cares alcohol-and-health the-size-of-our-wine-glass-influences-how-much-we-drink

The size of our wine glass influences how much we drink

Wine glasses have doubled in size since 1990. A mega-analysis with data by the University of Cambridge has found that bigger wine glasses leads us to drink more alcohol in restaurants. The findings support calls to limit the size of wine glasses to reduce alcohol-related harm.

Five bars and restaurants in England participated in studies between 2015 and 2018, using wine glasses of five sizes: 250, 300, 370, 450 and 510 ml, with the largest size only used in bars. The team used 300ml glasses as the reference level to compare differences in consumption.

Wine sales in bars and restaurants are served in fixed sizes when sold by the glass or sold by the bottle or carafe. Most wine in restaurants is served to pour from a bottle or a carafe and allows people to pour more than a standard serving size.

Wine sales in restaurants increased with 7,3 % when the glass size was switched from 300 ml to 370 ml and decreased with 9,6 % when it was switched from the former to 250 ml. There was no significant effect in sales when the standard 300 ml glass was switched to the largest size 450 ml. The study found no significant effect on the daily sale of wine in bars.

The largest glass may have been perceived as noticeably larger for the diners causing conscious counter behaviour, such as drinking more slowly or pouring with greater caution. The authors see this as a reflection of the “unit bias”. Glasses between 250 ml to 370 are perceived as a normal glass wine. However, larger glass sizes as 450 and 510 ml are deemed to holding more than a typical glass of wine and thereby diners may adapt their behaviour.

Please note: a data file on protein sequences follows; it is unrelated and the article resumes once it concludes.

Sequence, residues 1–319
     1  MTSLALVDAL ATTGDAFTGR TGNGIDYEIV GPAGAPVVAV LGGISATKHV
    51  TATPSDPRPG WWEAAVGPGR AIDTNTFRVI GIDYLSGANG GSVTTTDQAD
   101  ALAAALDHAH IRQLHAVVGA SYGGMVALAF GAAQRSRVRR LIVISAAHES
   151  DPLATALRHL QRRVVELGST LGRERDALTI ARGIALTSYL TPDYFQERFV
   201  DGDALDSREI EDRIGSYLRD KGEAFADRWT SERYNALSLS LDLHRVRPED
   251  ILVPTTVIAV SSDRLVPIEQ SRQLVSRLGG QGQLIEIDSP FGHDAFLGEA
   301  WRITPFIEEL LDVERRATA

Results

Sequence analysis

'We all like to think we're immune to subtle influences on our behaviour – like the size of a wine glass – but research like this clearly shows we're not,' said Professor Ashley Adamson, Director of the NIHR School of Public Health Research.

To reduce our alcohol consumption, we need to understand the factors that influence how much we consume. The findings from this study show that small changes have the potential to contribute to reducing alcohol consumption and help consumers be healthier without having to think about it.

Read “The effect of wine glass size on volume of wine sold: a mega‐analysis of studies in bars and restaurants” by Mark Pilling, Natasha Clarke, Rachel Pechey and Gareth J. Hollands Theresa M. Marteau:

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